Whitesell, who has been guiding the Northglenn students, will monitor the eclipse from Denver. She said she’s thrilled to be part of the project for her own professional development as well as to help the next generation of students discover the joy of applying their knowledge to solve real world challenges. 

Whitesell worked with her colleagues to make the instrument run autonomously without the need to be plugged in to the electrical grid. Because of the span of wavelengths detected, the electrical grid system that powers the instrument will cause interference. By isolating the system, this interference can be reduced. She also focused on transitioning to battery plus solar power, weatherproofing the system, and reducing the power draw needed to ensure the system can run for as long as possible.  

In addition to the mechanics of the project, she helped the Northglenn team troubleshoot ideas, set up times for them to come to the downtown campus to see the lab spaces, and coordinated areas for them to work on their project.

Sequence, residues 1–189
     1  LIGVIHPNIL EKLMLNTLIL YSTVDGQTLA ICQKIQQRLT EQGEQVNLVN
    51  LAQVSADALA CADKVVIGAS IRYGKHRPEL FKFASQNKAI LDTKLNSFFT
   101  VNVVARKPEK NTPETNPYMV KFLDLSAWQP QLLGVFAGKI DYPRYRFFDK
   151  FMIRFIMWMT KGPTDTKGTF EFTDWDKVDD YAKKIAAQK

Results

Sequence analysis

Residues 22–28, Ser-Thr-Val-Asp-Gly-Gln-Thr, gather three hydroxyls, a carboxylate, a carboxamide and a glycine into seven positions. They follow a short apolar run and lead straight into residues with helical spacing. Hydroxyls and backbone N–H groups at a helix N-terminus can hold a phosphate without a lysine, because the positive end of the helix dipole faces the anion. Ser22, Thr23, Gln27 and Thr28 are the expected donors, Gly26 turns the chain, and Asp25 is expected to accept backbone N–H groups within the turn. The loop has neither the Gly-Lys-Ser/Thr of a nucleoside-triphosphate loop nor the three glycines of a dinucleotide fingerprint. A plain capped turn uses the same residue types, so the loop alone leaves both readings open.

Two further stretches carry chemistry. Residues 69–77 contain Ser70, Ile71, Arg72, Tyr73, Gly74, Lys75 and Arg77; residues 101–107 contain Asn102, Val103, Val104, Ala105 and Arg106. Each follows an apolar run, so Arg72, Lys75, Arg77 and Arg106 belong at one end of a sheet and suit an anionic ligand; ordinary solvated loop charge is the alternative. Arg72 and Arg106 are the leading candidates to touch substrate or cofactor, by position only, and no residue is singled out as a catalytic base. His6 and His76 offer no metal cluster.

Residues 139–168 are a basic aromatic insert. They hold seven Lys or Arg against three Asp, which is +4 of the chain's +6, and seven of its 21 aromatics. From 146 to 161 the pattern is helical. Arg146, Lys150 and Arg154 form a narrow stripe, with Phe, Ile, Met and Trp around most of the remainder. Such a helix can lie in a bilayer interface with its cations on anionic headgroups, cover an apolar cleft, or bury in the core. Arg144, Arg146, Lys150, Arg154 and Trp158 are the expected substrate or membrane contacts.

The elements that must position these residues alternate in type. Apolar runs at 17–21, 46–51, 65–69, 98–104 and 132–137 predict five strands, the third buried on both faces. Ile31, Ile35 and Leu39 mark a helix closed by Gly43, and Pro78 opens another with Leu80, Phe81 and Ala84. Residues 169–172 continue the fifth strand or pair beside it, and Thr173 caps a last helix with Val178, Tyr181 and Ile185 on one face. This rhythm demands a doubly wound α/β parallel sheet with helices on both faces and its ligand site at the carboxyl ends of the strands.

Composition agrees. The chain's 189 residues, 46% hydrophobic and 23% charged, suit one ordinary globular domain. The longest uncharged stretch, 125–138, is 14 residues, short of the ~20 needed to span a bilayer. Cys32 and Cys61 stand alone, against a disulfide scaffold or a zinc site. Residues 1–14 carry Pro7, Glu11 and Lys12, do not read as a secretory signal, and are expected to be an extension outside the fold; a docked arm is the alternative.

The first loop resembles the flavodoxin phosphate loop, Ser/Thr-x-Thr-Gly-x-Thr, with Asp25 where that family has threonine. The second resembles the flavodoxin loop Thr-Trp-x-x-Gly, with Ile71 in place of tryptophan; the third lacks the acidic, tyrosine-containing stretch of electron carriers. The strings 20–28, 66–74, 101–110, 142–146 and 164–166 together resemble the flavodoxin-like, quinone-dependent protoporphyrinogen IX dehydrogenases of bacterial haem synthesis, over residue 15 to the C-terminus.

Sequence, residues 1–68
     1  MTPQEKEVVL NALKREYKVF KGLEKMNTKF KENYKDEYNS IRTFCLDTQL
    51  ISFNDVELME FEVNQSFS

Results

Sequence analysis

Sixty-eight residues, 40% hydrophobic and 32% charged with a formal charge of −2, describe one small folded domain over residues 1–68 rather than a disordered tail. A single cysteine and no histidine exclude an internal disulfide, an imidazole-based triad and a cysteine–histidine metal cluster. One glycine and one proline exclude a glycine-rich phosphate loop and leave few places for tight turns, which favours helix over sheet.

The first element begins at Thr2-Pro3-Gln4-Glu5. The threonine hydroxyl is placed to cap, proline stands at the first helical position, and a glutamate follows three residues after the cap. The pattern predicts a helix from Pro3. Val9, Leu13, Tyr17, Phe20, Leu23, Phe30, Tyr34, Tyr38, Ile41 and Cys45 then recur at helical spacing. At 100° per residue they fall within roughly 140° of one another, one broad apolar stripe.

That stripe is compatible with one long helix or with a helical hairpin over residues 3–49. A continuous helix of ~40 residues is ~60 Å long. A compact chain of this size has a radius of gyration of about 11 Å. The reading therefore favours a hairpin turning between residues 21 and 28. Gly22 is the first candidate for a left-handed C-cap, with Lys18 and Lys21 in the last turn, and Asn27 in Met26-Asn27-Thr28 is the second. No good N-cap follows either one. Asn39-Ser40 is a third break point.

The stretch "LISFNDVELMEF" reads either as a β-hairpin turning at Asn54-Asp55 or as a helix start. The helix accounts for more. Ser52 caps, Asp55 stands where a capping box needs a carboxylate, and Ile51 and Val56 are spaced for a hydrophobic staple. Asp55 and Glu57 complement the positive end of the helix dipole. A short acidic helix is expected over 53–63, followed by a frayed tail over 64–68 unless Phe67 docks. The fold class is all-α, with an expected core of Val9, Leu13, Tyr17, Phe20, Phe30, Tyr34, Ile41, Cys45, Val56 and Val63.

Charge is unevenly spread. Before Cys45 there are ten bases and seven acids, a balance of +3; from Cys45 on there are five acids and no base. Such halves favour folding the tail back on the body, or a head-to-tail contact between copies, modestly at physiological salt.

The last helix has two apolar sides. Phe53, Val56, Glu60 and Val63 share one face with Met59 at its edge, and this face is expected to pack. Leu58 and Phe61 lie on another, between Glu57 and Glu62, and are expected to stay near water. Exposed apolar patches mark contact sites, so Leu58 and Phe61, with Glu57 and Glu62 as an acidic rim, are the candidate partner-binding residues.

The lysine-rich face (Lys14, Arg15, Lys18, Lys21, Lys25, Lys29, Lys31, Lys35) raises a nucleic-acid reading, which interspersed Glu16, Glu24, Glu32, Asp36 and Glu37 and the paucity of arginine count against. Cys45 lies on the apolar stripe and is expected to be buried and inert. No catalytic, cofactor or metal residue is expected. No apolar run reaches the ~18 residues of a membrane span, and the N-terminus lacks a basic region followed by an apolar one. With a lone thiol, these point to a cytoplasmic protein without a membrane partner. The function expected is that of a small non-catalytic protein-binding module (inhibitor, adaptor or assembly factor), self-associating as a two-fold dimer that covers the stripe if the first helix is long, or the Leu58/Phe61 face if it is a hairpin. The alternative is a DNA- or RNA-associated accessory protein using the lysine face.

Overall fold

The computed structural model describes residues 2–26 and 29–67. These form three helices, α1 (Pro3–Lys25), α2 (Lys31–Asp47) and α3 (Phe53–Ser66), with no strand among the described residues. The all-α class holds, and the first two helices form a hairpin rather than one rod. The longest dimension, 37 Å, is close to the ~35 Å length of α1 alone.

“This has been an excellent experience,” she said. “I loved the hands-on experience from beginning to end of our specific project: selecting and ordering parts, troubleshooting, and integration. I’m looking forward to our testing coming up. And I’m very excited. I have not seen an eclipse before.” 

Building on Previous Work

Data collected from this year’s eclipse will add to work started in 2017, when Dr. Golkowski led a smaller team of students in observations of the eclipse as it made its way across parts of the United States. Like the 2017 event, teams will use the technology the U.S. Navy uses to communicate with its submarines for their research. 

The Navy has permanent VLF transmitters outside of LaMoure, North Dakota, and Cutler, Maine. They are primarily used to communicate with the U.S. submarine fleet but can also be used to detect changes in the ionosphere. Because the Navy continuously sends radio waves through the transmitters, students will see how those waves interact with the ionosphere during the eclipse. The data collected will be used in computer modeling that will advance the understanding of our ionosphere.